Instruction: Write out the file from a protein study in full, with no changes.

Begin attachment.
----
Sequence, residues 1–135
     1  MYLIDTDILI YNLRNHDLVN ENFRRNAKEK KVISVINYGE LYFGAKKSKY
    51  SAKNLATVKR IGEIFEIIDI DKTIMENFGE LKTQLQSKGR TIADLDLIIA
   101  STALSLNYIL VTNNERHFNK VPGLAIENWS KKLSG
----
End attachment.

Sequence, residues 1–135
     1  MYLIDTDILI YNLRNHDLVN ENFRRNAKEK KVISVINYGE LYFGAKKSKY
    51  SAKNLATVKR IGEIFEIIDI DKTIMENFGE LKTQLQSKGR TIADLDLIIA
   101  STALSLNYIL VTNNERHFNK VPGLAIENWS KKLSG